Whiskey Julep | The Mint Julep Imposter – 1862 Recipe

Whiskey Julep Cocktail
Whiskey Julep Cocktail

The history of this mighty cocktail, and Juleps in general, goes way way WAY back to ancient Persia (modern day Iran). Rosewater was thought to have health benefits and the word for rosewater is gulab (gul=rose, ab=water). The word makes it way to the surrounding Arab culture and the word Julāb was used for any kind of sweetened medicinal syrup, kinda like robitussin. The word and associated sweetened medicine make their way through cultures and eventually make it to England as Julepum or Julep. In the 1750s a Julepum Stomachicum (a stomach julep to settle an upset tummy) is published in medical journals and calls for mint infused sweetener mixed with sherry. The stomach julep makes its way to the United States and takes a boozier pivot in New Orleans. And the rest is history.

This drink is a whiskey variation of the Mint Julep which came out of New Orleans. The original Mint Julep is a brandy cocktail and New Orleans was a French territory and you know that the French love their brandy.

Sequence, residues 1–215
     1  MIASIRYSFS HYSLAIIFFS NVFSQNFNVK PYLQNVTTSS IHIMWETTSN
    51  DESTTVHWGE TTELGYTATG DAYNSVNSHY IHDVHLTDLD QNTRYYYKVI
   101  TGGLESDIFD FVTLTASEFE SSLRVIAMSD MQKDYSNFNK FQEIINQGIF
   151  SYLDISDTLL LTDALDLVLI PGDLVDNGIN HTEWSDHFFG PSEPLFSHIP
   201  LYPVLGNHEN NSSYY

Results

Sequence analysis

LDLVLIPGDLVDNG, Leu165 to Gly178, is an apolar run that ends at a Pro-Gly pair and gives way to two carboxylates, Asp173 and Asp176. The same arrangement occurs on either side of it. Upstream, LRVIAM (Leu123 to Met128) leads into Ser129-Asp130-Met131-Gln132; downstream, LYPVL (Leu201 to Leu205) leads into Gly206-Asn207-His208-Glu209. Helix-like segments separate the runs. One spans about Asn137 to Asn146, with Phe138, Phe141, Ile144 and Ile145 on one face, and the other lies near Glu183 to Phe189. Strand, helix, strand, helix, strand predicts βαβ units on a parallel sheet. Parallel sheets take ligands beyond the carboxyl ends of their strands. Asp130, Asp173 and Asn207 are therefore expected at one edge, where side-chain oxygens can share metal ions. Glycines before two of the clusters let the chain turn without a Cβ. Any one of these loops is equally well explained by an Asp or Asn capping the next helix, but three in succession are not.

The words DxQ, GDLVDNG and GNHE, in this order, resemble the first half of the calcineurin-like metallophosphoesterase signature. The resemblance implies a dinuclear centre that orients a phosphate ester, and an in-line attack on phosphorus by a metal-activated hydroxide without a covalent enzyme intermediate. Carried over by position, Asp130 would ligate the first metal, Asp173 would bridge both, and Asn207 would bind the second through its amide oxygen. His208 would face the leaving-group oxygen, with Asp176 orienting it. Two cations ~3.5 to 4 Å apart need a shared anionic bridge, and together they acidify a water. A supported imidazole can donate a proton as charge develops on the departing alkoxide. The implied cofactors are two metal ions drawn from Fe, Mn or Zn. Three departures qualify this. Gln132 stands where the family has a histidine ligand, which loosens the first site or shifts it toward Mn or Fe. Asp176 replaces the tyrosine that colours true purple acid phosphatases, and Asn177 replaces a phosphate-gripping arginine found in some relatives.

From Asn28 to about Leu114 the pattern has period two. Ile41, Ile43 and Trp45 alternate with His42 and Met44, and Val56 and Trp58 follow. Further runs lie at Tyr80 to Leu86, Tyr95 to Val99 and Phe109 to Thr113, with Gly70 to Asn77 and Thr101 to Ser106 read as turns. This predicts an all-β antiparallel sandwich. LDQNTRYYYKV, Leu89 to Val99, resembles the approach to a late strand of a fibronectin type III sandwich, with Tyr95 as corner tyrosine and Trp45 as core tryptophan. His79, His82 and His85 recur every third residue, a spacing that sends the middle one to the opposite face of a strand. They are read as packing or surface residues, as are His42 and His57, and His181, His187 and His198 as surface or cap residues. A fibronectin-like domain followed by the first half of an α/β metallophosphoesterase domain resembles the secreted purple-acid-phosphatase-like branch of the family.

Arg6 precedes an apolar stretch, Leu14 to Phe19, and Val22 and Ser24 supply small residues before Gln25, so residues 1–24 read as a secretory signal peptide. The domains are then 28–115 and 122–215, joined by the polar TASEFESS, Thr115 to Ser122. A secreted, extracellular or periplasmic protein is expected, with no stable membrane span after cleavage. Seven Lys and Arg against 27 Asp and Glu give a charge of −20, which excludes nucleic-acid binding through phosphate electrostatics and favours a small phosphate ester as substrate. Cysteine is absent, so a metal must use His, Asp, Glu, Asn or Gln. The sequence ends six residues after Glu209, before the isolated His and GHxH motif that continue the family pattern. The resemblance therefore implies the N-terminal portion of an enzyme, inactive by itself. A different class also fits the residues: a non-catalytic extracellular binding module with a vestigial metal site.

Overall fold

The whiskey version is often called a Mint Julep today, but Mint Juleps were originally made with brandy. The mint julep, whiskey julep, gin julep, etc all existed at the same time but starting in the late 1800s people just started making the mint julep with whiskey instead.This change was further cemented by the Kentucky Derby which made their Mint Julep with Kentucky bourbon and the official cocktail of the race. Due to its association with the popular race most people think of the Mint Julep as a bourbon cocktail.

Like the Moscow Mule, these have their own cute little tin cups they traditionally go in called Julep cups. Look them up, they’re gorgeous. I talk like Fog horn leg horn and drink everything in them just to feel like a fancy southern gent.


Whiskey Julep | The Mint Julep Imposter – 1862 Recipe

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Course: DrinksCuisine: American






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Learn how to make a classic whiskey julep. Often mistaken for a mint julep, which traditionally uses brandy as its base, the whiskey julep is an amazing cocktail. This recipe dates from the 1862 edition of the Bartenders guide by Jerry Thomas.


  • 5

  • Mint Leaves
  • 1/2 oz

  • Simple Syrup
  • 2 oz

  • Bourbon
  • 2 dashes

  • Gold Rum


  • Add the simple syrup and mint to a tumbler glass.
  • Press the mint leaves into the syrup to infuse it with the mint’s flavor.
  • Fill the glass to the top with crushed ice. Pour the base spirit over the crushed ice into the serving glass.
  • Give the drink a couple turns to mix and dash the top with rum.

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